However, a winery can still benefit from the movies. The wine I open for a movie is often selected based on the mood of the movie, or the emotion of the evening. Romantic dramas might suggest a more elegant wine, or you might prefer a muscular Cabernet for the raw-meat of a classic Arnold Schwarzenegger movie.

I want wineries to take the “think different” challenge. Don’t plan the film that you want to make about yourself and your wines, think instead of the movies that have already been made. This weekend, for example, try those that are up for an Academy Award (Oscar). Why not tell us which of the films is the best match for your wine – then cheerlead for it? Do some wine and movie pairings, then challenge your mailing lists to offer up better suggestions then link to a place to buy films or rent them online. Maybe even offer an “Oscar pack” of wines for the winning movies. Why not?

And to all you bloggers and engaged consumers, why not challenge yourselves to a movie and wine pairing event? You can match wine and films based on mood, labels, names, styles, even by the names of the winemaker. How would YOU  go about doing this?

It’s been a while since my last movie marathon with friends, but this could be a great way to do it again. Dim the lights, make some snacks and pair some movies!

Here’s a couple to get you started from all of us at Vrazon:

  • The Iron Lady” and Blue Nun – because the once great, popular lady in blue is now a bit frayed and confused. (Robert)
  • The Crying Game”  and any good Blanc de Noir – Not everything is what it seems to be, and yet it can still stir your emotions. (Ryan)

and of course what list would be complete without…

  • Silence of the Lambs” and a Good Chianti (or Amarone, if you read the book) – No explanation needed…though choose your accompaniments carefully!

If you have any ideas, especially if you are a winery and think there is a film that expresses your wine’s personality, tell us about it in the comments below.

Cheers, Ryan

Note: The Academy Awards take place this Sunday, February 26th 2012 at 19:00 Eastern US time (02:00 Central European Time)

Here’s a list of the main category finalists to get you started:

Best Picture: The Artist, The Descendants, Extremely Loud & Incredibly Close, The Help, Hugo, Midnight in Paris, Moneyball, The Tree of Life, War Horse
Actor in a Leading Role: Demián Bichir, George Clooney, Jean Dujardin, Gary Oldman, Brad Pitt
Actress in a Leading Role: Glenn Close, Viola Davis, Rooney Mara, Meryl Streep, Michelle Williams
Directing: The Artist, The Descendants, Hugo, Midnight in Paris, The Tree of Life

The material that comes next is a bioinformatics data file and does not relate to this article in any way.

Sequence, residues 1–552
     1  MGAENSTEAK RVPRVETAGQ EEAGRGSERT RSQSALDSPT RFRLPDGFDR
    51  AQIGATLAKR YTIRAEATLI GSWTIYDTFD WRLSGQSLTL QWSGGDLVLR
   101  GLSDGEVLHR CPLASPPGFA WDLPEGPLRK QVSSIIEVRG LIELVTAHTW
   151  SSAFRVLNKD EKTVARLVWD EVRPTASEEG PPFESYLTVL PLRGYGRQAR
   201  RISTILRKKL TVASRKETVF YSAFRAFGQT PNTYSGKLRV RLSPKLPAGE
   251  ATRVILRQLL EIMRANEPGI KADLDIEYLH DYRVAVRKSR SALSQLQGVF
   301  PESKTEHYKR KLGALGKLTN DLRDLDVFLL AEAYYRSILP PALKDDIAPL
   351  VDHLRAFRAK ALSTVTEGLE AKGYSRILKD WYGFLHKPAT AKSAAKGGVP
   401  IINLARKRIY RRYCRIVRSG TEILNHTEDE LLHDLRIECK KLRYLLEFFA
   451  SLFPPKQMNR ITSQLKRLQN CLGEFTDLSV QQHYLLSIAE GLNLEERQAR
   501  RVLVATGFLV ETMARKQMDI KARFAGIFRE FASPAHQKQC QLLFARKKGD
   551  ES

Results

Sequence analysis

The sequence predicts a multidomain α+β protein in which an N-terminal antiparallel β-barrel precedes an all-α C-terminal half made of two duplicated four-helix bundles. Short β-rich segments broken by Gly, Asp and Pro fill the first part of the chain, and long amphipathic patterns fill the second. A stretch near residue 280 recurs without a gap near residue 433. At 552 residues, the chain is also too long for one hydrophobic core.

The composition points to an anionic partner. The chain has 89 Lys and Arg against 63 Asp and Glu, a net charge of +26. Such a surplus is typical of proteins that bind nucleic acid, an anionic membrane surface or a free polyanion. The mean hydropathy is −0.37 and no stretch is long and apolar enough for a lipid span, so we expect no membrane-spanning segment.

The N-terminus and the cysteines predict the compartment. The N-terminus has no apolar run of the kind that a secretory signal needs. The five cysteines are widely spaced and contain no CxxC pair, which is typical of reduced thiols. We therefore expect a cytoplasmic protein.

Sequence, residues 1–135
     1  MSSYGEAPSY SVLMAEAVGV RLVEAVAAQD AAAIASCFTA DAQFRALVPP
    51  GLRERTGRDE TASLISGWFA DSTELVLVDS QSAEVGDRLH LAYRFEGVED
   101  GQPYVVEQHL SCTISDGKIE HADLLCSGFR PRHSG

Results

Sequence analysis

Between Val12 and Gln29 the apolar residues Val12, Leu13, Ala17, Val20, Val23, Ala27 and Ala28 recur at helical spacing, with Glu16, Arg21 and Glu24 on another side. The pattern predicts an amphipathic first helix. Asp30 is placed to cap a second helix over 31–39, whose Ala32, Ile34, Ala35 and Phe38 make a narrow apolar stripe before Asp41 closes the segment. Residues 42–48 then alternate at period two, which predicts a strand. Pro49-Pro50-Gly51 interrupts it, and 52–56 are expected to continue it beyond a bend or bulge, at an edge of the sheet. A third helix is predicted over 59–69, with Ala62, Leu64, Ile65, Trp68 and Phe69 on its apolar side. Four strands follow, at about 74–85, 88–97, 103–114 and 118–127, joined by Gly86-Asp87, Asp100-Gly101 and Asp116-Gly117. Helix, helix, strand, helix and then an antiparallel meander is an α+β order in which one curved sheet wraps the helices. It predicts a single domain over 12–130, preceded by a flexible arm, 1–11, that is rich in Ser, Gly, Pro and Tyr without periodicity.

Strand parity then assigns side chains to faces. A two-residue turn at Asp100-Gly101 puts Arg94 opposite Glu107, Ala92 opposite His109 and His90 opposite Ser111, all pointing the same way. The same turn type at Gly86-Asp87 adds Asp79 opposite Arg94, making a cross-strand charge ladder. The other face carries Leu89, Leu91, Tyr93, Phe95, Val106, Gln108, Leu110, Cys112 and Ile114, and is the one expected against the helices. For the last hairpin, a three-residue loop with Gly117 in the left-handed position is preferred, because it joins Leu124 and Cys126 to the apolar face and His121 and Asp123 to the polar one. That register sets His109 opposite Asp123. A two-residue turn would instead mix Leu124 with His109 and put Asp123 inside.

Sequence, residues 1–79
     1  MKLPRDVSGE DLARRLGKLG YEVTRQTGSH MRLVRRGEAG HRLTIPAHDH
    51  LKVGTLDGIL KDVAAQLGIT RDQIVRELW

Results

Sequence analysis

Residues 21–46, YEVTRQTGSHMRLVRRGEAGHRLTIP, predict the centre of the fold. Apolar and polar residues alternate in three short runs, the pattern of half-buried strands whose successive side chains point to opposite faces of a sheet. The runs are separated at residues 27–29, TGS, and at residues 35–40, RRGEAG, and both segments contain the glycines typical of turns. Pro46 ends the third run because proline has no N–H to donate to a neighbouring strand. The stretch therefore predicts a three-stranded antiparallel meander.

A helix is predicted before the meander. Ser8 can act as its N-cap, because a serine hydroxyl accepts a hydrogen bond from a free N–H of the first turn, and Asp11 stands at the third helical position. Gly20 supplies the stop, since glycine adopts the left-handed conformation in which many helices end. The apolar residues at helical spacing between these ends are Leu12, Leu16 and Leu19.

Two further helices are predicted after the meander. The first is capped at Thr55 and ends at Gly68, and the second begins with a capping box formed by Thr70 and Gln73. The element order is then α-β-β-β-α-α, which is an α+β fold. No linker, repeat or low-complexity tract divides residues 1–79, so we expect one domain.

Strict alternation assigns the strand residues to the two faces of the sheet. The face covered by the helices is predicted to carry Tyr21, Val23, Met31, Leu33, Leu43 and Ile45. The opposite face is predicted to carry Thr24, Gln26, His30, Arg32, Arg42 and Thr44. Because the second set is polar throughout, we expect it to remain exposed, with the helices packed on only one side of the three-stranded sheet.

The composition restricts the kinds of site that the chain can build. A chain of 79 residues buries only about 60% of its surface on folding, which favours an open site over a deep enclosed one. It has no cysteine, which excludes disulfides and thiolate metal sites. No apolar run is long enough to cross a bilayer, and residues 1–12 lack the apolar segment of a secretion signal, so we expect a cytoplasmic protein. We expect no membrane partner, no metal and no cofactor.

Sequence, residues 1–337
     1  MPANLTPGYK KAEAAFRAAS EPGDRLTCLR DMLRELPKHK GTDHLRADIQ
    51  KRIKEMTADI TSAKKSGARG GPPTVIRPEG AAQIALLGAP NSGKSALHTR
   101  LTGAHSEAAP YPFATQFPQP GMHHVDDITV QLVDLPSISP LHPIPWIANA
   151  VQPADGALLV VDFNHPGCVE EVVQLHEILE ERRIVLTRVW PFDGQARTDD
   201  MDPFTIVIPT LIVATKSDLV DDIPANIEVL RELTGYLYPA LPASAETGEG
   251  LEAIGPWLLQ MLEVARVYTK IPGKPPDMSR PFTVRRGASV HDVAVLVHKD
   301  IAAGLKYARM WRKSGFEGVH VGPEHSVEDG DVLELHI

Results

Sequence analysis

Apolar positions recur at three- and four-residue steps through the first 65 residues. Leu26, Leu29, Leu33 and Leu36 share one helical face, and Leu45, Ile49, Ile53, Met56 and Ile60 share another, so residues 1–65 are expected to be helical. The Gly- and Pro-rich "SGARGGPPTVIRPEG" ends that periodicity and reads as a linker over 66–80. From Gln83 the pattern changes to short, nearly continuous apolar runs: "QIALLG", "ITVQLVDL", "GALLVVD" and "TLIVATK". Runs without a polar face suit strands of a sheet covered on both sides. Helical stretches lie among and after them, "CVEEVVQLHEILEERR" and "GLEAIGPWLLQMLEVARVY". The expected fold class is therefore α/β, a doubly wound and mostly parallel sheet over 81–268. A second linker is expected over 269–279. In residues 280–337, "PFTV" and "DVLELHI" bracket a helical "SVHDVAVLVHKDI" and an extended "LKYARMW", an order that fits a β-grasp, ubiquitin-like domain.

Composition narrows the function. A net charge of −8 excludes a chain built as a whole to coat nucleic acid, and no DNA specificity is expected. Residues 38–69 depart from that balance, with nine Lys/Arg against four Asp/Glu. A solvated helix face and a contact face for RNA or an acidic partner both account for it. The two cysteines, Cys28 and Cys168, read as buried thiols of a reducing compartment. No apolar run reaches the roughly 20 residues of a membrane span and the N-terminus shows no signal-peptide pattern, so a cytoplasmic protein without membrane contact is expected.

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Case Study – Social Media Works for Tea

One of the problems with the “should I use social media” discussion is that people who do not, and never will, use these tools natively are the ones making the decisions.

Digital Natives‘ are people who were born in a world where the landscape was always “digital”. If you extend this thinking you then have “social media natives”. I like to say these people are the ones who see no need for a phone book, printed map, or rolodex. I’m almost one of these. I say almost because I still find some things easier to do offline than online, but that is changing quickly.

I start with this because in my daily life, when I want to buy something or learn about something, my first stop, no matter what, is Google. I guess I can see that changing to Bing or Twitter or Facebook at some point, but the fact is that the “web” is my primary destination.

And so, my story begins.

This Christmas, my sister invited my family to stay at a rented house in the Cotswolds for a few days. Great idea! Countryside, hiking, long meals, lots of wine, … a perfect holiday. To make the holiday with family all in one house go smoothly, she gave us all small gifts to help us enjoy our stay. One of these was a not-to-be-mentioned specialty tea company’s assortment of teas. Each person received a different flavor based on their personality. A great gift, and while I wasn’t at that moment a big tea fan, the quality of these teas released a passion in me. I fell in love with them, primarily due to their freshness and quality. I was hooked, and when I got back to Spain I quickly raced to Google to help me fuel my addiction. It turns out that I was in luck as they were available to ship to Spain at a reasonable price.

One week later I was sitting at home with boxes of new teas and was ECSTATIC about beginning my reintroduction to whole-leaf teas – a reintroduction that made me realize how similar high quality teas and wines can be … but that is for another article. The point is, I immediately starting tweeting my satisfaction and including the account of the relevant company in my tweets. I sent a letter to them by email saying “thank you for your great teas”. I even went to their web2.0 website and left comments lauding the greatness of my new favorite teas!

The result: nothing. Not a single “thanks”, “good to hear”, “Happy you’re happy” or other comment. Just silence. Cue the crickets.

I was crestfallen, even heart broken. The packaging was cute, the brand adorable. Expensive, sure, but the quality was amazing. Yet they seem to be fakers in the social world, content to put up twitter and facebook logos on their sites but not ‘walking the walk’.

I considered buying from them again. The quality was great but I just couldn’t bring myself to do it. I simply didn’t want to support a company who didn’t appreciate me as a customer. So I returned to Google.

This time I found another company with a similar selection but a little less shiny! Less marketing and more tea. A site that was a bit clunkier, and packaging that appeared a bit dull, but they had what I wanted, so I dove in and bought a few sample packs. After selecting various kinds to see what they were like, I hit send.

And then … turn up the happy music. After only a few hours I received an email … from the owner no less. An email that said:

“Thank you for your order, it appears you have a great selection of samples. I’m going to throw in a few of my own favorites, let me know what you think!”

Yeah! I was acknowledged.

Today I received my new teas. I haven’t tasted them yet, but I have 10 new teas to try and a person who is listening to what I think. I’m pretty sure I’ll find a few that I like and I am 99% sure that I will be ordering again. They are also going to be talked about on my twitter stream, facebook page and probably over at LiquidAgnostic.com. At the very least, they are going to sell a pack of tea every month or so to me, and probably to a few of my friends & followers. The cost: 1 email.